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How Are Utility Companies Handling Sandy?

How Are Utility Companies Handling Sandy?

How Are Utility Companies Handling Sandy?

October 30, 2012 ClickSoftware 0 Comments

Day one post-storm observations

Here in Massachusetts we were fortunate to avoid the worst of Sandy’s wrath. Overall the Frakenstorm resulted in peak outages of more than 8 million residents in 18 states.  How does this compare to Hurricane Irene from August 2011—the last major east coast hurricane?

Here are the two storms by the numbers:

Storm Size:
Irene: 14 states affected
Sandy: 18 states affected

Peak Outages:
Irene: 5,475,274
Sandy: 8,114,433

What’s changed from last year? Even though this week’s storm was stronger, as well as larger in geography and outages, the response from utility companies has been hailed in comparison to last year’s Irene. Anecdotally, the communication to government agencies and individuals has been more targeted and accurate, and available via more methods. In the past, the consumer had to call the utility company or seek out news reports for statuses. This time the utilities are sending out proactive emails, texts and phone calls, and even Tweets to alert consumers to status and expected outage time.

With hundreds of additional resources called into MA alone to help restore power, what do the utilities need to keep doing to ensure that they are “performing,” as Governor Patrick noted?

Having worked with scores of utility companies across the globe, here are some best practices that will keep crews and officials on track during emergency repair and cleanup:

  • Increase communication with the press and consumers via all methods (especially social media) to ensure that that your message is being heard by all parties while the team is working to restore power.
  • Keep up the pace – with supplemental utility crews here now, this is the time to tackle the largest jobs and prioritize
  • Maximize the time of the additional resources by ensuring schedules are made and priorities are communicated to the entire staff
    • Keep in constant communication – this sounds easier than it is given the large number of additional resources who may not be on the same network as the local crews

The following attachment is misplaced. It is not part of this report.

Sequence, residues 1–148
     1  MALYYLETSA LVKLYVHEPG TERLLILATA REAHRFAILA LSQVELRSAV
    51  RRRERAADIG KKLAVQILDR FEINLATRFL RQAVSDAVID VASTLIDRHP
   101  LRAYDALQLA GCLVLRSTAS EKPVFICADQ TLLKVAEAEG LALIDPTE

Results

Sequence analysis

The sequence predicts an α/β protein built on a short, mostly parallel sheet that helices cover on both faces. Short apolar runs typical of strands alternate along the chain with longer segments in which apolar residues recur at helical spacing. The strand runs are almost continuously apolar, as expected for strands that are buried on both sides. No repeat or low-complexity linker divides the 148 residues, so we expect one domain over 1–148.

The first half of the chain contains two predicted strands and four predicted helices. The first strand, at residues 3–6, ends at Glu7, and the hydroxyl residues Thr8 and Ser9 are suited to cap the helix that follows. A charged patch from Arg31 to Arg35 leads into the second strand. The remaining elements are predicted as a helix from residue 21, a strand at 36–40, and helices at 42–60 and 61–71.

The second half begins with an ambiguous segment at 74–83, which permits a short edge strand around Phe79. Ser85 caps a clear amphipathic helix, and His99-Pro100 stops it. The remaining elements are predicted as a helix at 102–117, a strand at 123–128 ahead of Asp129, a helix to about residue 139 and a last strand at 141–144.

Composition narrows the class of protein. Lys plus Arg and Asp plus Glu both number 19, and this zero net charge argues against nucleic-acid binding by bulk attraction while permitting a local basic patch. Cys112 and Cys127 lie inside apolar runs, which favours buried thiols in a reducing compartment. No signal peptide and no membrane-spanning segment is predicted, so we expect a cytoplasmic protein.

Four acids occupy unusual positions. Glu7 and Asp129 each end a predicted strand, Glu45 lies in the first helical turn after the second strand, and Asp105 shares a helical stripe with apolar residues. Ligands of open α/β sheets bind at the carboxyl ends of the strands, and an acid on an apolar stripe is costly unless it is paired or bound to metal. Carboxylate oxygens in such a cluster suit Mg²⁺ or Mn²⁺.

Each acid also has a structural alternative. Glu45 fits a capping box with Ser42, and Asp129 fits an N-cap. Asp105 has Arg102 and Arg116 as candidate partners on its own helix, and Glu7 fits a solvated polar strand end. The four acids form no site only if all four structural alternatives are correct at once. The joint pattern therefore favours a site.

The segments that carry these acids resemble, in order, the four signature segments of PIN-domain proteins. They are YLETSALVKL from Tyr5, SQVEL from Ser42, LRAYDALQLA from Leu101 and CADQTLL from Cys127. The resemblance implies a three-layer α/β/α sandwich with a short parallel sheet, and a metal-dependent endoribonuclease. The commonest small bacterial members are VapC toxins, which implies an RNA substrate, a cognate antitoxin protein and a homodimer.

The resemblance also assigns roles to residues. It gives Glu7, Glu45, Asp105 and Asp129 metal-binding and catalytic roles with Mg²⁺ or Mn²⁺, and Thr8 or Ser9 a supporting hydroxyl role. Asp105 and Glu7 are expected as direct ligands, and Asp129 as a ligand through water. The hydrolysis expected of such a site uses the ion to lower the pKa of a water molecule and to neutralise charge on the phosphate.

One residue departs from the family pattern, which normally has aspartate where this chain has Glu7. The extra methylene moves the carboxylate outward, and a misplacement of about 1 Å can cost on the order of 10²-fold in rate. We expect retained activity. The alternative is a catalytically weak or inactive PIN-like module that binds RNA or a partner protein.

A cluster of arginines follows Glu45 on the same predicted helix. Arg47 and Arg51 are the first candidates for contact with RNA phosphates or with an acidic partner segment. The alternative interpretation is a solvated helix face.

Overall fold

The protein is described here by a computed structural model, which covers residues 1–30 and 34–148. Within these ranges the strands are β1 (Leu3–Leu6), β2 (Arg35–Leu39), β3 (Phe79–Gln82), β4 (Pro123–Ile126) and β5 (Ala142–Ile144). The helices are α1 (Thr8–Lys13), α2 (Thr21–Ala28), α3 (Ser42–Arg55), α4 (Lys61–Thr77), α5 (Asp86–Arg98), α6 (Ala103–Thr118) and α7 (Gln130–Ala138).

• Make daily estimates of how much work is left and who needs to do the work in order to ensure that the additional crews have work, but can then be sent back home as soon as possible. This avoids higher costs to taxpayers.

Even after Sandy is cleaned up and all power is restored, there will be other weather emergencies, especially with an increase of extreme weather patterns being felt across the country.  How do utility companies take the next step and further evolve to offer better service and communication? Here are tips that will benefit the industry in both times of emergency and everyday business:

  • Create a system that enables mobile dispatch of work to supplemental crews. Right now additional resources that are brought in from other districts can’t typically communicate via the same mobile tools.
  • Ensure this communication can go two ways by enabling the supplemental crews to make mobile updates from the field.
  • Reduce idle time of field workers waiting for assignments or weather / travel restrictions (during down-time implement safety training, ground work, tree work, etc.)
  • Optimize the assignment of work (right sized crew, right time, right place, right priority) – at the click of a button, e.g. according to Storm Restoration Process
    • Power Plants
    • Transmission Lines
  • Create a consumer mobile app for outage and restoration updates (Take lessons from the Red Cross)
  • Pre-prepare electricians for hire to reconnect individual houses (responsibility of customer)
  • Make Mutual Assistance electronic or Systematic (per EEI Mutual Assistance Network)

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